Thirty two years ago, computer and information science professor Harriet Fell had just given birth to her oldest child when Linda Ferrier, then a PhD student working on her thesis in speech language pathology at Boston Children’s Hospital came into her hospital room looking for infant volunteers. She was collecting recordings of infants “babbling” to better understand how they developed the capacity to produce speech over time. A young researcher herself, Fell thought this idea was great and signed her daughter up. For the next two and a half years, Ferrier visited their home each month to capture hour-long recordings of the young child cooing and chatting as babies do. After the thesis was complete, Ferrier receded into the family’s memory, until one day, when Fell was dropping Tova off at the Northeastern day care center. Opposite the day care she saw Ferrier’s name freshly minted on an office door. The doctoral student was now a professor at Fell’s own institution.
The two immediately struck up a working relationship, coming up with cool projects for their senior capstone students to collaborate over. “It was a lot of fun,” said Fell. “My students would build things, her students would test things, and everybody would make suggestions.” Over time the educational collaboration blossomed into a research partnership, with Fell designing complex software for novel speech research tools Ferrier—now retired—wanted to try out. Their first project together was called the Baby Babble Blanket, which allowed infants to produce sounds—a mother’s voice, another baby babbling, a toilet flushing—by rolling around and pushing buttons on the blanket. The tool was designed for infants with motor and neurological disorders to, as the researchers put it, “establish cause and effect skills, explore a babbling repertoire like normal infants, and use early motor movements to produce digitized sounds.” One child, Fell recalled, was particularly fond of the toilet flushing sound and would continually bop his head on the part of the blanket that produced that noise.
After this, Ferrier and Fell continued to explore ways they could use computers to explore questions about speech. “My interest was trying to detect medical problems in their speech or sounds,” said Fell. “I just had the feeling that you could tell certain things about babies that could not easily be recognized. At the time there had been research on neonatal cry, where certain features could be recognized that indicate neurological problems. I thought that if the articulators aren’t working right, or maybe the parts of the brain that control speech, there’s a certain tension or disturbance, then maybe you could just tell this from the acoustic signal.”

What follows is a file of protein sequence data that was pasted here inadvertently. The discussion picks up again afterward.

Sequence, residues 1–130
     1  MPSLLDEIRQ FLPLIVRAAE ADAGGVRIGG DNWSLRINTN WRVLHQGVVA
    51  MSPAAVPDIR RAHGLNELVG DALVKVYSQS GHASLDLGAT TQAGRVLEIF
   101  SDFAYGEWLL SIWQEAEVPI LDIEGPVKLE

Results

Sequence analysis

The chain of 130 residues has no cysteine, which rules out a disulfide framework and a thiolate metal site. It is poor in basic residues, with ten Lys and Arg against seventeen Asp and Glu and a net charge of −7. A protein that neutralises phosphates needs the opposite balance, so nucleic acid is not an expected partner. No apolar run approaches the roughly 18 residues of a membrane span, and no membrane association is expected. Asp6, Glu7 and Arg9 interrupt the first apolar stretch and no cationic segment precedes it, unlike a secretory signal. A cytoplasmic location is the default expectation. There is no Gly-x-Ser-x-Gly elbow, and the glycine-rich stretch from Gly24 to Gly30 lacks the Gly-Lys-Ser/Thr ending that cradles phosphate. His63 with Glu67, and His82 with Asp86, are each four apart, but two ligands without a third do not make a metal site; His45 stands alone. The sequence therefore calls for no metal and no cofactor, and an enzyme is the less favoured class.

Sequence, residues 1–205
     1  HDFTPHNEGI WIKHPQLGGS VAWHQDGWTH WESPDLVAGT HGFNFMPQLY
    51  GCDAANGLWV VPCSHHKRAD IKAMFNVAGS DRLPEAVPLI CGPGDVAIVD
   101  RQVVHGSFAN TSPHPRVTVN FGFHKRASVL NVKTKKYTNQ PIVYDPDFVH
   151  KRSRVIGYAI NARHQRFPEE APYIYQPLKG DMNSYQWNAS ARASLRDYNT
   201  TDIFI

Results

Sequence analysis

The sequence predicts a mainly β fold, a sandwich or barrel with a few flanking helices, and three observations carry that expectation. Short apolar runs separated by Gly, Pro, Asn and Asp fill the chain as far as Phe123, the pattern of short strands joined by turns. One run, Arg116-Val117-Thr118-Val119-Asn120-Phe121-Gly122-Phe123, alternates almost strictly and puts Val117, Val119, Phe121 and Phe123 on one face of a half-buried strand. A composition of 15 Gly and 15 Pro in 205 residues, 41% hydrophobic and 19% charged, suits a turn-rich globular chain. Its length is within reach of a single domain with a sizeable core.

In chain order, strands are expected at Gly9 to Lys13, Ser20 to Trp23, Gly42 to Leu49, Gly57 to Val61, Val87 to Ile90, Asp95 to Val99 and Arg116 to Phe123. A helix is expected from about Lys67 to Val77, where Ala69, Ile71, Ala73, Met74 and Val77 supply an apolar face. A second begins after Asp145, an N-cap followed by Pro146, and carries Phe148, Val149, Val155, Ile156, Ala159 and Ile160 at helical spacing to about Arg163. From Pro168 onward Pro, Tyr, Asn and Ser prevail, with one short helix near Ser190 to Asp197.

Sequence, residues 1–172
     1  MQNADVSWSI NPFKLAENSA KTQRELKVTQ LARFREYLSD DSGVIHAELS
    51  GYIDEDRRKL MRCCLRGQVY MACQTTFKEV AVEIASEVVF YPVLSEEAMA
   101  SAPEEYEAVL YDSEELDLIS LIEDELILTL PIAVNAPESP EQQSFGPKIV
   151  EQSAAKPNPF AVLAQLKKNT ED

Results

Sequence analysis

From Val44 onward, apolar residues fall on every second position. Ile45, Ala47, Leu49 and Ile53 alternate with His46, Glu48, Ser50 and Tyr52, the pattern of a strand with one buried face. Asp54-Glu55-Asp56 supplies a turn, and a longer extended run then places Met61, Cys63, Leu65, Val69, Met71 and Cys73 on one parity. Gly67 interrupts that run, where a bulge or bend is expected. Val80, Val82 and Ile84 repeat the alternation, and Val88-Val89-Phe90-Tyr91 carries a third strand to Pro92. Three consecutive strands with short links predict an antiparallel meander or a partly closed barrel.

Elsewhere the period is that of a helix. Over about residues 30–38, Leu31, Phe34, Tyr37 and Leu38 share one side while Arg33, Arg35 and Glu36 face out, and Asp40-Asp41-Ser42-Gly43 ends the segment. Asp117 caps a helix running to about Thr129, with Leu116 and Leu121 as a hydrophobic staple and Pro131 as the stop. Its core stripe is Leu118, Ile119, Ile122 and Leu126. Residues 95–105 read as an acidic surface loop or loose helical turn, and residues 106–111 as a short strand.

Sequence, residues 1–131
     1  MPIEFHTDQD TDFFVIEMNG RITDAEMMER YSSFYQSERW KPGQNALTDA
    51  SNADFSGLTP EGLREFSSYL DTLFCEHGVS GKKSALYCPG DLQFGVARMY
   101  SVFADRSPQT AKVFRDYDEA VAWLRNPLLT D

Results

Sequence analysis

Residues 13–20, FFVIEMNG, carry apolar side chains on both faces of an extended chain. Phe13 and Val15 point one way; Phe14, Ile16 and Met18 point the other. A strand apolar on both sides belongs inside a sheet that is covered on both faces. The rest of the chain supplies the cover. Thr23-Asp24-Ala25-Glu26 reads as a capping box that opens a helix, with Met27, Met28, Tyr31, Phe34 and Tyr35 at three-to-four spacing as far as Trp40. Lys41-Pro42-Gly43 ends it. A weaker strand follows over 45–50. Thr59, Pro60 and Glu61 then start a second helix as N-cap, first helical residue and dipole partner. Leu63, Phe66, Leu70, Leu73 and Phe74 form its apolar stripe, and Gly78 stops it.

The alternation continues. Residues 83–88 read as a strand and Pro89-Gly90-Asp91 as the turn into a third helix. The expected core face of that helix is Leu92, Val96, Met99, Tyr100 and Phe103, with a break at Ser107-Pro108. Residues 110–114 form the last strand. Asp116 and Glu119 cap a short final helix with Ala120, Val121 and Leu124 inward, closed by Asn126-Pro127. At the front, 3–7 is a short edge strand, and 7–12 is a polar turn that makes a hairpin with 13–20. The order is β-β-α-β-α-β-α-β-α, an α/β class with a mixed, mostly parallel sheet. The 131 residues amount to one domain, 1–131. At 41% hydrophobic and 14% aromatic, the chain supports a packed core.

She developed a software program that analyzes the structure of syllables, looking for variety, duration, that kind of thing, in the sounds people create with their mouths. It could be used for adults just as well as with infants, she said. In one project, a colleague used the software to detect fatigue in adult speech. Ferrier used it to work as an accent reduction tool with foreign language speakers.
Fell soon came to realize that what she had originally developed as a tool for very specific research questions could actually be quite useful for a variety of investigations. But back when this was all getting off the ground, computers were still the size of a broom closet and learning the software had a very high learning curve. In the last few decades, of course, the personal computer has pretty much taken over the world, so the constraints that once kept Fell from releasing her program to the masses have now vanished. About 15 years ago, she joined forces with an entrepreneur named Joel MacAuslan. A year ago they applied for and received a Small Business Innovation Research grant from the National Institutes of Health to develop the software they had been using for their own studies into something more useable and user friendly.
Now a group of alpha testers is using the software to explore a variety of speech language questions, looking at everything from early vocal signatures of autism to the speed at which adults are able to cognitively respond to auditory stimuli.
“Before our users were infants,” Fell said. “Now they are scientists.” What began as a collaboration between friends has clearly grown into a research tool that has the potential to enable a host of new investigations. The only limit now is the scientists’ imaginations.